While the build-up shape in possession was clear, progression beyond that suffered. The signs before a huge game against Liverpool were barely promising but ten Hag picked the perfect time to showcase his tactical flexibility. In what was a very Ole Gunnar Solskjaer-esque approach, ten Hag’s United were transition-based and incredibly direct and played deeper in their own half. They beat Liverpool, Arsenal, Southampton, Leicester and Everton in rather pragmatic ways but it symbolized ten Hag’s ability to adapt and change depending on the circumstance at hand. There was a realization on the Dutchman’s part that while the squad was being built for the longer term, there was a striking need to address the short-term worries.

It was reminiscent of ten Hag’s early days at Ajax, when he abandoned the vital parts of his long-term picture to use a more direct approach. More than that, it was also reminiscent of Mikel Arteta and the manner in which the Spaniard took Arsenal to FA Cup glory using a Plan B that was miles away from his preferred approach. Due to the squad’s inability to play his style of play, Arteta sacrificed the overarching system to use a style which best suited the squad he inherited.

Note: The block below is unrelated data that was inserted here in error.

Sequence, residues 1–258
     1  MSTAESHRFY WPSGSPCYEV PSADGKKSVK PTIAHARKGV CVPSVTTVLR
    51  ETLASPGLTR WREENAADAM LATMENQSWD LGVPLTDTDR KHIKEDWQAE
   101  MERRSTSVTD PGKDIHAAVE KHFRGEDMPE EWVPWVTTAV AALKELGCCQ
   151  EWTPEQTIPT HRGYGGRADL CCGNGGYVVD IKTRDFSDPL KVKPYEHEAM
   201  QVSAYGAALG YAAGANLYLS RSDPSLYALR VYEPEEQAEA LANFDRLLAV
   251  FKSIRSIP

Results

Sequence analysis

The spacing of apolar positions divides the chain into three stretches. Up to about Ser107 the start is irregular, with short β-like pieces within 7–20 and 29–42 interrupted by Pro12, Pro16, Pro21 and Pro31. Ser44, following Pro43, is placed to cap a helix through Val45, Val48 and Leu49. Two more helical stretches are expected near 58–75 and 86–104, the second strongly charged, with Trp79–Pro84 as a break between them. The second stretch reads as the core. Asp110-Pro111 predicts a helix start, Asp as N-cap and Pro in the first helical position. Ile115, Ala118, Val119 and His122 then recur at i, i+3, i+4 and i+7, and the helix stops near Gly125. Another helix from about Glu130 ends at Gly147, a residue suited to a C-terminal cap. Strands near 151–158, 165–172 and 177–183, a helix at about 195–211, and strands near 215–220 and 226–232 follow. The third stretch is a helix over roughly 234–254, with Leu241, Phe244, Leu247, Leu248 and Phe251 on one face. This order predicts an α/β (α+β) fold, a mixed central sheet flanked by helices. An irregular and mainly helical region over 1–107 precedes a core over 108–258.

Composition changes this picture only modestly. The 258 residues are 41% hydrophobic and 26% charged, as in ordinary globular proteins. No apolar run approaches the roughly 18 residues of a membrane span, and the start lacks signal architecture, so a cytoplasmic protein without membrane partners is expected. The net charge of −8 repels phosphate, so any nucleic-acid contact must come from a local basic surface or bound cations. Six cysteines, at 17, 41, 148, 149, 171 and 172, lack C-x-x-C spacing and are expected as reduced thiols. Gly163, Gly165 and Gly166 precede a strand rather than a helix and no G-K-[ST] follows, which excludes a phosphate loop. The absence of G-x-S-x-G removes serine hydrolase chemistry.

ten Hag understood that David de Gea isn’t the usual sweeper keeper and in the Plan B period, we saw the Spaniard going direct to the forwards. Raphael Varane’s defense-first tendency also proved vital. As the sprouts of ten Hag’s own system were being sown, the impeccable performance against Tottenham will always stand as the watershed moment in the Dutchman’s stint. In a perfect performance, United pressed Spurs out of the park and choked them in possession. The fluid and well-charted out movements shone through in that game, which could possibly be hailed as United’s best performance in the post-Sir Alex era. It was resounding and if it wasn’t for ten Hag’s ruthlessness and pragmatism in tactical approach and selection, the inclusion of a corroded Cristiano Ronaldo could have hampered the progress.

The approach to the Ronaldo problem though, will go on to become emblematic of ten Hag’s understanding of what he wants in players, their strengths and their performances. In some ways, Ronaldo dug his own grave by not being part of pre-season training and by giving that interview but ten Hag essentially proved to be the undertaker (no, not the WWE one, even though it was Rest in Peace for CR7’s United career).